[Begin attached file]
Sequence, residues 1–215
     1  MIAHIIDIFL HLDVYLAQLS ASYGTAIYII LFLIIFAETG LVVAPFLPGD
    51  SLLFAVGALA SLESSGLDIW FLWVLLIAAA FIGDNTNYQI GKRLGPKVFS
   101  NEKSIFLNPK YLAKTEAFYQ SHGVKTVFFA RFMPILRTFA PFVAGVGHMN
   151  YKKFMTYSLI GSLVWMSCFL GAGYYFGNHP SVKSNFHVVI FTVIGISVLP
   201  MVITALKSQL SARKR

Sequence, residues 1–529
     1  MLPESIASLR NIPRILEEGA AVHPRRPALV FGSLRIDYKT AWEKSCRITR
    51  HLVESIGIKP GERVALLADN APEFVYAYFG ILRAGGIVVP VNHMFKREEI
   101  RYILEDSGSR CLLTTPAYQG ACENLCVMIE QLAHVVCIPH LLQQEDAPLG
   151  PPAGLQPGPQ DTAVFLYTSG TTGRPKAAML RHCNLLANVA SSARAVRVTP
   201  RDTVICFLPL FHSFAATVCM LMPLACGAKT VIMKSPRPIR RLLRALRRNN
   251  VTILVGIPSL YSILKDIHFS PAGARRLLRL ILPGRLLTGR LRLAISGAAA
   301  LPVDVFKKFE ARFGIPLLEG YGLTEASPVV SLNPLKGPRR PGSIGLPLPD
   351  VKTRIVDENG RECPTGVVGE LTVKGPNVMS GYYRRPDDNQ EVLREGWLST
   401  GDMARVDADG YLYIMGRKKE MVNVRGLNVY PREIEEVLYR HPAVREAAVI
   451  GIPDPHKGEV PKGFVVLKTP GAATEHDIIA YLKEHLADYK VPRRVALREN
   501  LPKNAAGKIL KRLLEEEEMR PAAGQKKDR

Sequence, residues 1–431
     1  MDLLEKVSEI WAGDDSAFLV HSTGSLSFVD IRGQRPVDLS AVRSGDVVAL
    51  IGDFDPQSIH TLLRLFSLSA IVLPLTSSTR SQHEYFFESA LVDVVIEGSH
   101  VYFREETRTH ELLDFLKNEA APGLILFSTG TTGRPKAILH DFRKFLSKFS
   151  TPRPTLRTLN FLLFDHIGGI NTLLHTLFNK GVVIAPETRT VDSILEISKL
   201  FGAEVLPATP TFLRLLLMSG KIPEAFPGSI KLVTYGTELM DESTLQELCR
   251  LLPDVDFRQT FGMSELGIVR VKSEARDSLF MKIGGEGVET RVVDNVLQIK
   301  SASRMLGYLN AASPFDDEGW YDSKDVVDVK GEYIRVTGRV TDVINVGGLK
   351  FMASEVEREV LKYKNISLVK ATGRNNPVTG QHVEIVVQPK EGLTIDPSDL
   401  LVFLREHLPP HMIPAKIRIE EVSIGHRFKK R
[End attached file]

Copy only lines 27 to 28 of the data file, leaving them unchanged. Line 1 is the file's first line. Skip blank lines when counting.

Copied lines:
   351  FMASEVEREV LKYKNISLVK ATGRNNPVTG QHVEIVVQPK EGLTIDPSDL
   401  LVFLREHLPP HMIPAKIRIE EVSIGHRFKK R